'Everyday monsoon’ foxes Mizo farmers

Faced with strange weather patterns, Mizo farmers are embracing new crops to adapt to climate change.
Mizo farmers are shifting to crops like dragon fruits to survive changing weather patterns. Mizo farmers are shifting to crops like dragon fruits to survive changing weather patterns.

As the debate around climate change rages on with the growing intensity of hurricanes like Harvey and Irma, climate change is already becoming a ground reality for scores of farmers in the hill state of Mizoram. Changing rainfall patterns and rising temperatures are forcing them to move away from traditional farming and to grow exotic crops that are heat resistant and can survive erratic rains.

This year has been particularly bad. There has not been a single day when it has not rained. “Farmers are completely confused. They don’t know whether it was early monsoon or it is ‘everyday monsoon’. All important dates on the agriculture calendar have been missed,” points out Dr James Lalnunzira Hrahsel, a scientist with the Mizoram State Climate Change Cell.

The data of the past 30 years shows a rise in the average temperature of Aizawl in the month of January. The lowest maximum was 18.7-degree Celsius in 1992 while the highest was 28.2 degree in 2005. This January, it was 26.3 degree. On the other hand, the minimum temperature in January has dipped. The difference between daily minimum and maximum temperature has been widening. The maximum and minimum temperatures in July have also shown a similar trend.A dragon fruit farmer in Mizoram.

The rainfall pattern has changed so drastically that farmers are left clueless. The dates for burning jhums (shifting cultivation) had to be shifted twice this year due to rains. While there is an increasing trend in monsoon rainfall, there is a decrease in post-monsoon rainfall and winter rainfall. Heavy precipitation events have gone up.

“The rainfall pattern in Mizoram has traditionally been so nuanced that Mizo language has different names for rain during different months, like To ruah (for April-May rains), Ruah bing (for June-July rains), Ruah var pui (September rains), Ai ruah (for October rains), Pawl del ruah (December rains) etc. Even wind patterns have unique names--Vahtlao thli (February winds), Pa-sawtlung thli (March to May) and Pa leng thli  (July winds) etc,” explains Dr Lalrokima Chenkual, a disaster management expert with the Administrative Training Institute. “But nowadays, it is difficult to distinguish one rain or wind from another,” says Dr Chenkual.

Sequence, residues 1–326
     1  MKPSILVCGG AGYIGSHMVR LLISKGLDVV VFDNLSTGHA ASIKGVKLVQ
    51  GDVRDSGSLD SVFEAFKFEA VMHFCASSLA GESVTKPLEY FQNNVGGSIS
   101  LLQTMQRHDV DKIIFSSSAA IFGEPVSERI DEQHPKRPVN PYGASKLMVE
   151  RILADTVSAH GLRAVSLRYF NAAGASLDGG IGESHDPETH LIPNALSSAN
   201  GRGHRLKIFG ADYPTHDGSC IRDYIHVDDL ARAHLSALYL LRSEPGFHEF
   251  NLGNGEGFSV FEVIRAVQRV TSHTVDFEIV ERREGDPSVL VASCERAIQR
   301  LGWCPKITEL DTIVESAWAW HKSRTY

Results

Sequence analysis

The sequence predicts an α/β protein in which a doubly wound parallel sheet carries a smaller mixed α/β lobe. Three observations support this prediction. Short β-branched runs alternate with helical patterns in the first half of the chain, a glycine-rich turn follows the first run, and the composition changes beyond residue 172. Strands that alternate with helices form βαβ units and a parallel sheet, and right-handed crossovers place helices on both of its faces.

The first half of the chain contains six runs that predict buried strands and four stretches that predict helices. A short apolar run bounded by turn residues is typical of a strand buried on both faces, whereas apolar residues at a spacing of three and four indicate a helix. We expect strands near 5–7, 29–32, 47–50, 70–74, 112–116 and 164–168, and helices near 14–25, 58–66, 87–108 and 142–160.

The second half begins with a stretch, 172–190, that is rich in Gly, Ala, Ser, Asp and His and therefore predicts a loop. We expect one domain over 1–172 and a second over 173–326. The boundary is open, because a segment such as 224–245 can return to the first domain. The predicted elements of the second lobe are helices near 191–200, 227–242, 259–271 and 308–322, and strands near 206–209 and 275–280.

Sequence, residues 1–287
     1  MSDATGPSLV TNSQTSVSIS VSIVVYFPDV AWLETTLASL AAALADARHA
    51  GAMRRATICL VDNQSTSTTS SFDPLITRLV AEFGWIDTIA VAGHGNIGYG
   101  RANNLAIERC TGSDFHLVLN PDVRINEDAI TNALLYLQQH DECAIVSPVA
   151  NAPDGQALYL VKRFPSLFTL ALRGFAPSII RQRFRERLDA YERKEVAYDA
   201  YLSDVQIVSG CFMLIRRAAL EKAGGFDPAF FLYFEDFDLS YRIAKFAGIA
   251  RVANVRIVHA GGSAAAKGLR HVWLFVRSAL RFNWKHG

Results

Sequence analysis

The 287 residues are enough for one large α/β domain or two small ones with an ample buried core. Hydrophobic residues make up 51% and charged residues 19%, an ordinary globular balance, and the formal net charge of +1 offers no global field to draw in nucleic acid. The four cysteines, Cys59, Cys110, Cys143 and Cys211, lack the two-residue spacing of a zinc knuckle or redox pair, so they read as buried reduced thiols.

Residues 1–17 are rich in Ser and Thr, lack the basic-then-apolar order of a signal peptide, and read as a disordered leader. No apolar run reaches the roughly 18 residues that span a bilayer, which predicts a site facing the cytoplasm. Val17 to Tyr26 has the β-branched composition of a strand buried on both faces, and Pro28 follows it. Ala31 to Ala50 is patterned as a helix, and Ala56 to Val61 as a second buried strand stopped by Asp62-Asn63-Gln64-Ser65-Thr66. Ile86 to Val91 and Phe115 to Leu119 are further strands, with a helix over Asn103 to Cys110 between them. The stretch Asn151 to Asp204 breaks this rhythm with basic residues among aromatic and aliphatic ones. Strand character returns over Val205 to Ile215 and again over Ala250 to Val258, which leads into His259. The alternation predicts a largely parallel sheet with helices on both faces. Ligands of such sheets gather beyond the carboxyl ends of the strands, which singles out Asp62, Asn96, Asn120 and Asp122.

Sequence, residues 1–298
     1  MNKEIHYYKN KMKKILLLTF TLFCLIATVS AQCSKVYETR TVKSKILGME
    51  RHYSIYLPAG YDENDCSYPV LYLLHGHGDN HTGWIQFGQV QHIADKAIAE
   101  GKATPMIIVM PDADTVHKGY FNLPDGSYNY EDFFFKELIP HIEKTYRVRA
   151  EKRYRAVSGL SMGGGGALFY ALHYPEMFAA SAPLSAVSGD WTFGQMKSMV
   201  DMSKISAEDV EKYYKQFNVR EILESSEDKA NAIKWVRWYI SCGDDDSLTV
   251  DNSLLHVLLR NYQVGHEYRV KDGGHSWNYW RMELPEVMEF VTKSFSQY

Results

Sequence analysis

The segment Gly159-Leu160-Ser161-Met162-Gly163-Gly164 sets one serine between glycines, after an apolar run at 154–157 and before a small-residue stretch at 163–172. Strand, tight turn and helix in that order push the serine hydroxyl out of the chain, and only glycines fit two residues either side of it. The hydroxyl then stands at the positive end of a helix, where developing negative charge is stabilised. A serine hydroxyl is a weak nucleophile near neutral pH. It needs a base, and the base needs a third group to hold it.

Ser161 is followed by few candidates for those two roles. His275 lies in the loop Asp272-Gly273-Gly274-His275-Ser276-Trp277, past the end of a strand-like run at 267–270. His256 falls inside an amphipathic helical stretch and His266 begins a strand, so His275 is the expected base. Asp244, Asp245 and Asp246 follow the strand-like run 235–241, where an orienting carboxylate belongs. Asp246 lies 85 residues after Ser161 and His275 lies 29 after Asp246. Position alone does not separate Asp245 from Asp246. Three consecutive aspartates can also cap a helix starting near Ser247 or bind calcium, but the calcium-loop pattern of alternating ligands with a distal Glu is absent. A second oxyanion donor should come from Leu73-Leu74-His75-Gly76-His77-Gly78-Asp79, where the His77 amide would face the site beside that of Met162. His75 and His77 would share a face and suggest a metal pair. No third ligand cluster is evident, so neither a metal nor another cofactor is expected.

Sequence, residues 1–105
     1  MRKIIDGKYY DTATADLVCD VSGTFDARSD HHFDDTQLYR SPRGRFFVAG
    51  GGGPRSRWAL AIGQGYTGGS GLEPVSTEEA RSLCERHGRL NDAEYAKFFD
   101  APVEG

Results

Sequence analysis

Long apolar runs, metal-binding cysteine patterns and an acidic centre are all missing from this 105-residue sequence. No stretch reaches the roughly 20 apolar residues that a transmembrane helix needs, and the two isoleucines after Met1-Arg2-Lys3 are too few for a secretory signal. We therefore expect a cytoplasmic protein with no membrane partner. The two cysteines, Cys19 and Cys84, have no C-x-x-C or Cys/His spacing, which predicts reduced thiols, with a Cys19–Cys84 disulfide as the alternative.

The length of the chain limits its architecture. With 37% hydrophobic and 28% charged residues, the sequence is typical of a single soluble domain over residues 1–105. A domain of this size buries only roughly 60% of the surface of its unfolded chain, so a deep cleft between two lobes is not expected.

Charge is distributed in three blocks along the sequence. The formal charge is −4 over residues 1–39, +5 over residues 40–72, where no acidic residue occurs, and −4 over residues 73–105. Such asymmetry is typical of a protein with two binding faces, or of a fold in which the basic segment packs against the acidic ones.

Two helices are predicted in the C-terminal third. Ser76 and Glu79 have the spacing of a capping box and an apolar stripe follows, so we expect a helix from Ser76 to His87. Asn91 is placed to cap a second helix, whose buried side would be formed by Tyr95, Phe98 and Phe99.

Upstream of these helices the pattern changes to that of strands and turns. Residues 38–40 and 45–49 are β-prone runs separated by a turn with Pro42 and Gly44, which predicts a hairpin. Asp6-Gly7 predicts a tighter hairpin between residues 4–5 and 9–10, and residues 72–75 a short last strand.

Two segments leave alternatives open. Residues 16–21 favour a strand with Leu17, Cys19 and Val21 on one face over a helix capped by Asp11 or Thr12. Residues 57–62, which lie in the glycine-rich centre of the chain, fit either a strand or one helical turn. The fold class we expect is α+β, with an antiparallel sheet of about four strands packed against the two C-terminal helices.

All this is directly affecting farming communities. “Earlier farmers could grow a variety of fruits and vegetables throughout the year. Now they are approaching us to help them with new crops and varieties that can withstand the changing climate. That’s why we have introduced dragon fruit from Thailand, new cabbage variety from China and two tomato varieties from Bengaluru,”  Henry L. Varte, a horticulture extension officer informs India Science Wire.  

New crops come to the scene 

Dragon fruit is a cactus that can grow in warm and humid climate, needs less water and its fruits have high commercial value. As dragon fruit is a climbing cacti, to grow it, concrete pillars are erected for the vines and old tyres are used on top. “Dragon fruit cultivation is helping farmers adapt to rising temperature and erratic rainfall while protecting their incomes,” says Varte. Similarly, the cabbage variety imported from China is heat resistant. Two tomato varieties--Araka Samrat and Araka Rakshak--developed in the Bengaluru-based Indian Institute of Horticulture Research can withstand high temperatures and are disease resistant. 

“Earlier I used to grow oranges from seedlings imported from Israel but pest attacks started due to heat and the yield dropped. Then I planted areca nut. Last year, I shifted to dragon fruit and have harvested 20 quintals of fruits this year. The market for this fruit is good, each fruit weighs about half a kilo and sells for about Rs 100 to Rs 150,” says Zoramthanga, a dragon fruit farmer from Viapuanpho village in Mamit district. 

Saurabh Sharma, the state nodal officer for climate change, says adaptation had become necessary as districts in the state face “moderate to high” vulnerability to climate change in terms of agriculture, forestry and water sector. The National Adaptation Fund for Climate Change is funding a three-year project to augment livelihood of rural communities by building resilience in agriculture in four districts--Aizawl, Mamit, Kolasib, Serchhip.  

“The idea is to develop one climate resilient village in each district so that they can serve as a model for the rest,” Sharma explains while speaking at a media workshop. Pradeep Chettri from the Directorate of Agriculture (Crop Husbandry) says pilot projects were underway in three agro-climatic zones--humid mild tropical zone, humid subtropical hill zone and humid temperate sub-alpine zone--to increase tolerance and suitability of crops to climate change. 

The media workshop was organised by the Indian Himalayas Climate Adaptation Programme (IHCAP) and Department of Science and Technology (DST) in collaboration with Mizoram State Climate Change Cell; Directorate of Science and Technology and Centre for Media Studies. (India Science Wire)

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